The November GAO report on FDA’s Oversight of Direct-to-Consumer (DTC) advertising, which I mentioned in yesterday’s post (see “Where’s DDMAC’s Head At?“), includes data from IMS on Rx promotion and R&D spending going back to 1995 (see table; click on it to see the larger, more readable version).

The GAO report states:

The amount that drug companies spend on DTC advertising increased twice as fast as spending on promotion to physicians or on research and development. IMS Health estimated that, from 1997 through 2005, spending on DTC advertising in the United States increased from $1.1 billion to $4.2 billion — an average annual increase of almost 20 percent. [See “Total U.S. Promotional Spend by Type, 2005.“] In contrast, over the same time period, IMS Health estimated that spending on drug promotion to physicians increased by 9 percent annually. Further, PhRMA reported that spending on the research and development of new drugs increased by about 9 percent annually during the same period. While spending on DTC advertising has grown rapidly, companies continue to spend more on promotion to physicians and on research and development.

The DTC estimate includes TV, magazines, newspapers, radio, and outdoor advertising, but not Internet based advertising (for more on that, see “Pharma eMarketing in a Slump“). Physician promotion includes estimated spending on office – and hospital-based promotion to physicians and journal advertising. These estimates do not include other spending, such as drug company spending on meetings and events (eg, CME and advertising at CME events, which could be as much as $1.5 billion), or spending on promotion that targets medical professionals other than physicians, such as nurse practitioners and physicians assistants.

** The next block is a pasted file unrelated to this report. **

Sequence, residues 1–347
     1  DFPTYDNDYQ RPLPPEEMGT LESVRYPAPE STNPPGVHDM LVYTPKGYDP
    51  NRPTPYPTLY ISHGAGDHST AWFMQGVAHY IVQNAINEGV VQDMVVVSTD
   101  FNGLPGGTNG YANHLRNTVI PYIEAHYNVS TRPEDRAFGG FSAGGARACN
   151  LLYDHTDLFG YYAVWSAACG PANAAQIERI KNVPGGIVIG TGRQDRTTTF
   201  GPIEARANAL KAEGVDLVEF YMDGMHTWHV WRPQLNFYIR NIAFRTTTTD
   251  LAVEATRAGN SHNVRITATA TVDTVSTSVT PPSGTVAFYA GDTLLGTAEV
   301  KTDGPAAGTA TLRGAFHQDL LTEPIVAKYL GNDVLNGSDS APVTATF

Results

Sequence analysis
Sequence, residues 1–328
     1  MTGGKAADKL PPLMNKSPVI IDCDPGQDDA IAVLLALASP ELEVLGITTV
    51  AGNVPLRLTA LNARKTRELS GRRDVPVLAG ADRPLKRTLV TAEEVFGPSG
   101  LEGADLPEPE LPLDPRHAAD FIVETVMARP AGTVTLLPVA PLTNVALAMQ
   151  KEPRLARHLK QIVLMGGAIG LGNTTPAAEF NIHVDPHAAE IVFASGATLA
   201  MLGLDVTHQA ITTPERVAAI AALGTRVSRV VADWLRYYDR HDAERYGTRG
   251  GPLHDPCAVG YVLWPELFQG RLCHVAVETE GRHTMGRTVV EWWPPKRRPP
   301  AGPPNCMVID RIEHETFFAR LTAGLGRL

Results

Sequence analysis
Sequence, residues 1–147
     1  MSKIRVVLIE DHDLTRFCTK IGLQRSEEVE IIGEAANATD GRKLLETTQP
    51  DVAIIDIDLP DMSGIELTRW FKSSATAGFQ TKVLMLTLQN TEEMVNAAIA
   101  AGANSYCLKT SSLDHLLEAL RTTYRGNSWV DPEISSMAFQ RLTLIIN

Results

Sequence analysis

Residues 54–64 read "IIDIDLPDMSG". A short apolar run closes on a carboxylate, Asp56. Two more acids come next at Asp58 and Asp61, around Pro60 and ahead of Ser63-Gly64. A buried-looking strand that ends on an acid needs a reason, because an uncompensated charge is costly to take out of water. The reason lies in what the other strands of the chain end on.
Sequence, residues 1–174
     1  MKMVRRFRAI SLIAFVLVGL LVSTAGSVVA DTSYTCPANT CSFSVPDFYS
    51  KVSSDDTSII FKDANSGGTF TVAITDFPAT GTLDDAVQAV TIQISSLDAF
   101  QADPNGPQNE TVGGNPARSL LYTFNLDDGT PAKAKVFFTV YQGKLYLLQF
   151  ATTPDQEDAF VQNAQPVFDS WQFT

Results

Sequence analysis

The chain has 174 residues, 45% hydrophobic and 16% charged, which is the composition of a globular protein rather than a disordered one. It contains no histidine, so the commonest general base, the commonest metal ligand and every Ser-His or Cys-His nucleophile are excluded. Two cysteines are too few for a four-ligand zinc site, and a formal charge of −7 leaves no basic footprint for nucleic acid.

The GAO was careful to point out that more is spent on promotion to physicians than to consumers — a lot more; 71% more, to be precise ($7.2 vs. 4.2 billion). It emphasized, however, the rate of growth difference; namely, 20 percent average annual growth for DTC spending vs. 9% for DTP (ie, direct-to-physician) spending.

At what point, I thought, would DTC spending surpass DTP spending if those rates of growth continued? I did the calculations and plotted the results and found that, under these assumptions, DTC spending would surpass DTP spending in 20011!

This was interesting, so I looked at the raw data again to see if the 20% vs. 9% numbers were valid assumptions. What I was thinking was that there was practically NO DTC prior to 1997, so any spending would represent a huge percentage increase for years afterward. Maybe it wasn’t fair to use the 8-year average of 20% growth. It might be better to look at the last 5 years only, for both DTC and DTP, and redo the calculation.


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Before I get to that, I’d should mention that I could not verify GAO’s numbers exactly. I calculated an average of 19.13% rate of increase in DTC spending from 1997 through 2005 (GAO said it was 20% — actually, 19.6% rounded up) and an 8.25% average increase for DTP (GAO said 9.0%). Rounded down, my numbers were 19% vs. 8%. Using those numbers adds 1 more year to the estimate of when DTC will surpass DTP. I also do not understand how GAO got a total percentage increase in DTC spending from 1997 through 2005 of 296.4%. When I do the math, it comes out to 281.8%. It makes me nervous — GAO is supposed to be accountants!

Any hoo, if you look at the percent change in DTC and DTP spending year-vs-year, you find there are wide fluctuations, as shown in the following chart:

For example, DTP spending dropped precipitously in 2005 vs. 2004. Wha happened? I leave that up to you as an exercise.

DTC spending seems to be cyclical – rising and falling with the political tide!

So, who knows what the future holds for DTC and DTP spending? Things are in flux with the new Congress (see “Congress vs. Pharma: Trouble Ahead?“). However, let’s use recent rates of increase (2000 through 2005; 11.5% for DTC and 5.4% for DTP) as a basis for predicting when DTC spending might overtake DTP spending and see what we get.

What we get is 2015. That is the year that I predict DTC spending will surpass DTP spending ($12.4 billion vs. $12.2 billion, respectively):

So, what’s the point of this exercise? Nothing really, except perhaps that the GAO could have included a chart like the above to emphasize further where DTC may be headed in the not too distant future and what the FDA may be up against trying to keep up with it all.

BTW, using my 11.5% growth rate number for DTC and the 6.0% growth rate that GAO reports for R&D spending, I predict DTC spending will outstrip R&D expenditures in 2045, well after many of us are gone and the whole issue is moot to us!